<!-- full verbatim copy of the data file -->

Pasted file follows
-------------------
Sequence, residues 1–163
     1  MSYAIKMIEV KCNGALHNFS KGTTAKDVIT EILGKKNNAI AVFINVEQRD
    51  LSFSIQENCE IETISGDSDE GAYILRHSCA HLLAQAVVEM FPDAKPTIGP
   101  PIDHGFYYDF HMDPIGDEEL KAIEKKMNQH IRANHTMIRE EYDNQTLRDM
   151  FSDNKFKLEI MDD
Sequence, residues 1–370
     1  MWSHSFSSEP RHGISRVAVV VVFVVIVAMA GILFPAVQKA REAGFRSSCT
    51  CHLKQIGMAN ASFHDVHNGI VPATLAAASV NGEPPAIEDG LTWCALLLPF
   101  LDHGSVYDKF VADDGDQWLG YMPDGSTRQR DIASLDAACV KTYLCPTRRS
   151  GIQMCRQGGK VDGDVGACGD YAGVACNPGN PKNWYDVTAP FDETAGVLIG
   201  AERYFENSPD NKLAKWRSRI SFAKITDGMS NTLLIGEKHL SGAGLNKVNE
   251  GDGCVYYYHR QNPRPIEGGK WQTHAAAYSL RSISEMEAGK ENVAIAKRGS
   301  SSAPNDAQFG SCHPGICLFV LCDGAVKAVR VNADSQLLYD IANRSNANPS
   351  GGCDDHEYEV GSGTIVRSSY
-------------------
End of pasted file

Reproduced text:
Sequence, residues 1–163
     1  MSYAIKMIEV KCNGALHNFS KGTTAKDVIT EILGKKNNAI AVFINVEQRD
    51  LSFSIQENCE IETISGDSDE GAYILRHSCA HLLAQAVVEM FPDAKPTIGP
   101  PIDHGFYYDF HMDPIGDEEL KAIEKKMNQH IRANHTMIRE EYDNQTLRDM
   151  FSDNKFKLEI MDD
Sequence, residues 1–370
     1  MWSHSFSSEP RHGISRVAVV VVFVVIVAMA GILFPAVQKA REAGFRSSCT
    51  CHLKQIGMAN ASFHDVHNGI VPATLAAASV NGEPPAIEDG LTWCALLLPF
   101  LDHGSVYDKF VADDGDQWLG YMPDGSTRQR DIASLDAACV KTYLCPTRRS
   151  GIQMCRQGGK VDGDVGACGD YAGVACNPGN PKNWYDVTAP FDETAGVLIG
   201  AERYFENSPD NKLAKWRSRI SFAKITDGMS NTLLIGEKHL SGAGLNKVNE
   251  GDGCVYYYHR QNPRPIEGGK WQTHAAAYSL RSISEMEAGK ENVAIAKRGS
   301  SSAPNDAQFG SCHPGICLFV LCDGAVKAVR VNADSQLLYD IANRSNANPS
   351  GGCDDHEYEV GSGTIVRSSY